Homily for the Sunday of All Saints, 2020

In the Name of the Father, and of the Son, and of the Holy Spirit. Amen!

The trouble with actually writing homilies is that one gets to learn how repetitive one is; for myself it reveals something that I half-know anyway, for my patient listeners, or hearers, it might be a good deal more irritating: here we go again. Nevertheless, here we go again! My reflections this Sunday turn on three words in Greek: one of which occurs in both the Apostle and the Gospel for today, the Sunday of All Saints; the other two don’t actually occur in either, but they seem to me to lie at the heart of what we are celebrating today.

The first word is ἄξιος, ‘worthy’: it is word familiar (if that is not too strong a word) to Orthodox who are not Greek, as it is left untranslated in the one place where it occurs as an exclamation in the Liturgy. In the rite of ordination, after the candidate has been ordained, he is presented to the people by the ordaining bishop with the exclamation, Ἄξιος! to which the people reply: Ἄξιος, ἄξιος, ἄξιος! We acclaim him (it is still always a ‘him’) worthy of being a deacon, a priest, or a bishop. This doesn’t mean that we think he deserves to be a priest, or whatever, that he has the right ‘qualifications’. When, for instance, a deacon is ordained to the priesthood, the bishop reads over the deacon a very short prayer—and given the length of some of our prayers, its shortness and immediacy is even more striking:

The divine grace, which always heals weaknesses and fills up what is lacking, puts forward the most pious deacon X to the priesthood; let us therefore pray for him that the grace of the All-holy Spirit may come upon him.

The priest is ‘worthy’, ἄξιος, because of the grace of the Holy Spirit, which ‘always heals weaknesses and fills up what is lacking’—not because he is supremely well qualified, with no weaknesses and lacking nothing—his worthiness is due to divine grace. And that does not only apply to deacons, priests, and bishops: it applies to us all. We are worthy because we are open to the Spirit of God. The worthiness that we pray for as we prepare for Holy Communion is not about our deserving the Holy Gifts in some way—it is about our not deserving them, but being enabled by the Spirit to be worthy, to be those open to the divine grace that is being bestowed on us. (All of this is much on my mind at the moment, because last Monday was the Day of the Holy Spirit, and three years ago, on that day, Fr Justin came back, having been ordained deacon at Pentecost, and he and I concelebrated for the first time in St Mary’s-the-Less.)

The word ἄξιος, I said, occurs both in the Apostle and in the Gospel. The Apostle is the last section of a recalling of the great saints of the Old Covenant—Abraham, Isaac, Jacob, Moses, Joshua (not mentioned by name), Rahab the prostitute, then quickening the pace he lists Gideon, Barak, Sampson, Jephthah, David and Samuel and the prophets—and moves on to listing their deeds of faith, leading up to ‘they were stoned, sawn asunder, killed by the sword, clothed in sheepskins, goatskins, going without, persecuted, ill-treated—of whom the world was not worthy, ὧν οὐκ ἦν ἄξιος ὁ κόσμος—wandering about in desert places and mountains and caves and holes in the earth’ (Heb. 11: 37–8). The world was not worthy of them, but they were worthy of being God’s, or as earlier on we read of Abraham, that ‘he looked forward to a city with foundations, whose architect and builder is God’ (Heb. 11: 10). The Gospel picks up this notion of worthiness: ‘one who loves father or mother more than me is not worthy of me; one who loves son or daughter more than me is not worthy of me; one who will not take up his cross and follow me, is not worthy of me’—οὐκ ἔστιν μου ἄξιος (Matt. 10: 37–8). To be worthy of Christ is to be Christ’s, to be his disciple, to take up our cross and follow him. Not to march along after Christ (still less alongside Christ), confident in our strength, but to follow, limping and stumbling, maybe, but to follow him, to know that only in following him will we find true riches, true peace. We are not worthy of him if we treasure anything more than him, for as the Lord says in the Sermon on the Mount, which we are reading now on weekdays: ‘for where your treasure is, there will your heart be also’ (Matt. 6: 21).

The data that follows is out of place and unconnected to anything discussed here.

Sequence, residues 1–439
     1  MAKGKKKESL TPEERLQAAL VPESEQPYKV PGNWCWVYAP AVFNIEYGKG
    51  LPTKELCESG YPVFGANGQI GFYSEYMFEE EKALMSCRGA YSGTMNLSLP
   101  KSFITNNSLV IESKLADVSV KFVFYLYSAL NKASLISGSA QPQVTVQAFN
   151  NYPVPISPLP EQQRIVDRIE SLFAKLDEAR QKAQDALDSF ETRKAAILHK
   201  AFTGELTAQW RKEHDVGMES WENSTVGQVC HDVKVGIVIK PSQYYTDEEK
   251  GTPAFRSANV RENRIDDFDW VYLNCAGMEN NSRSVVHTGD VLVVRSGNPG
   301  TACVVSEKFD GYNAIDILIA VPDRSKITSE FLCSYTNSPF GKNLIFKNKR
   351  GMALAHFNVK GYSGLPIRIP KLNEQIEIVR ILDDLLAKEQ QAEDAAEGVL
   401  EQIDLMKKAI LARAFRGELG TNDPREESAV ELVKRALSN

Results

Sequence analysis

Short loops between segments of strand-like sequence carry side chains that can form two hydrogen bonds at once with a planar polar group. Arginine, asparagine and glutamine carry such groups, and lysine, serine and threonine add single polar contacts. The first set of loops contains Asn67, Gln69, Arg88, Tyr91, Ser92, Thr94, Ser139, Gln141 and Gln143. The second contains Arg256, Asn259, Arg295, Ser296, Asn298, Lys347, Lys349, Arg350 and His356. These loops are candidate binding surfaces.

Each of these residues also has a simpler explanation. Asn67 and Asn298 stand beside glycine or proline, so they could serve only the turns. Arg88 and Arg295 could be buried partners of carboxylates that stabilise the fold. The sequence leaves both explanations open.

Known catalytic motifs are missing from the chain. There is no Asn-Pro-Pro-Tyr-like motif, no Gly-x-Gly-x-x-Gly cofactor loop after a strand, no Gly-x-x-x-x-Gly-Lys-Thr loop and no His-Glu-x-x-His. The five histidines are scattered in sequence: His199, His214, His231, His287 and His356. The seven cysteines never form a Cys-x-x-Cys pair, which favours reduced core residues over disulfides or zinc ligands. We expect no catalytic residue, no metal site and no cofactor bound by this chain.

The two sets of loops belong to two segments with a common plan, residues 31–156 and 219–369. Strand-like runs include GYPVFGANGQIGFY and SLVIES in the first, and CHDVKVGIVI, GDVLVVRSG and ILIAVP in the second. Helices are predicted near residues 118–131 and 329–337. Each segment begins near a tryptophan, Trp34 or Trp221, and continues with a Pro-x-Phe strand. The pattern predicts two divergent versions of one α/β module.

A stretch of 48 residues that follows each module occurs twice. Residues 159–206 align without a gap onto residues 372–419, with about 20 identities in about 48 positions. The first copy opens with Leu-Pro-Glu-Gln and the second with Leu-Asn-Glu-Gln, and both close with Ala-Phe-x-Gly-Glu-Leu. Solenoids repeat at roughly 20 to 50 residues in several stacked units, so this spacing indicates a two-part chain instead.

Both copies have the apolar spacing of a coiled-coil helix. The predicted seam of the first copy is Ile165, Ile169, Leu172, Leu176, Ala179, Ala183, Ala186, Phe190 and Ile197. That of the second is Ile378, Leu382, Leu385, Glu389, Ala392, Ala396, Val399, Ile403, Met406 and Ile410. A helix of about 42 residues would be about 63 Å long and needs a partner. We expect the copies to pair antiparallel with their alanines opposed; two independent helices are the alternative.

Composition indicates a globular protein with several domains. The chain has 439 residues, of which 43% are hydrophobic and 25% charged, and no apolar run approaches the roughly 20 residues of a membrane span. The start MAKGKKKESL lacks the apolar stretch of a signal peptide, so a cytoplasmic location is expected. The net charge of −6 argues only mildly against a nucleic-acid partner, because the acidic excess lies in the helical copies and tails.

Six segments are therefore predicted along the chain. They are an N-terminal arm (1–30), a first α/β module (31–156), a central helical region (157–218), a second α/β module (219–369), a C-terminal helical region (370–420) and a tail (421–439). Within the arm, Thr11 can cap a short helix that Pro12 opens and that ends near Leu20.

The other two words! Κλητοῖς ἁγίοις, to ‘those called to be saints’, as the Apostle Paul addresses the Christians in Rome, at the beginning of the letter to them: we read the verse with these words last Tuesday, the Day of the Trinity, and again yesterday, in the Eucharistic lectionary. These are among the Apostle’s first words to the Christians in Rome, few of whom he would have known: called to be saints, κλητοὶ ἅγιοι, or: ‘called to be holy’. What do we mean by that? It is not κλητοὶ ἄγαθοι, called to be good. Yes, it is better to be good than to be evil or wicked,  but what we are called to be as Christians cannot be reduced to the moralism of trying to be good—often enough trying to be good will end up as being trying… to those we want to be good to. Holiness is more and different than goodness. First of all, even though we might succeed is becoming good, in possessing goodness, that is not possible with holiness. In the Divine Liturgy, just after the Lord’s Prayer, the priest lifts up the consecrated Lamb with the words ἅγια τοῖς ἀγίοις, ‘Holy things for those who are holy’, to which your reply is ‘One is holy, one is Lord, Jesus Christ, to the glory of God the Father. Amen.’ We disclaim any holiness of our own, and acclaim the only one who is holy: Jesus Christ. To be called to be holy, to be among those κλητοὶ ἅγιοι, is nothing other than to follow Christ, to take up our cross and follow Him. And that is brought out by the other word, κλητοὶ, called: we do not present ourselves to Christ as people confident of being worthy of him in our own strength. We are responding to a call; as Jesus says himself, just after he has told his disciples that he will no longer call them ‘servants’ (or really ‘slaves’), but rather his friends, ‘You have not chosen me, but I have chosen you’ (John 15: 16). We are all called, we are here because we are called. We may hear the call in different ways—a sudden commanding voice from heaven, as with St Paul, or something much less unusual, but no less persistent—but it is because we have heard it that we are here, or it may be because we can’t refuse it, even though we have not yet fully acknowledged it. And this call is a call to be saints, to be holy, to be those in whom and through whom something can be discerned (not so much by us, as by others) of the holiness, the glory, of Christ, or (thinking back to last week, to Pentecost) to be those from within whom ‘rivers of living water—the Holy Spirit himself—are welling up’ (John 7: 38). Holiness is, if you like, being transparent to the holiness of Christ—a transparence made possible by the abiding within us of the Holy Spirit. Holiness, in that sense, is bound up much more with attention—attention to God in prayer, attention to others in love—that with some moralist desire to be good, to do good. Amen.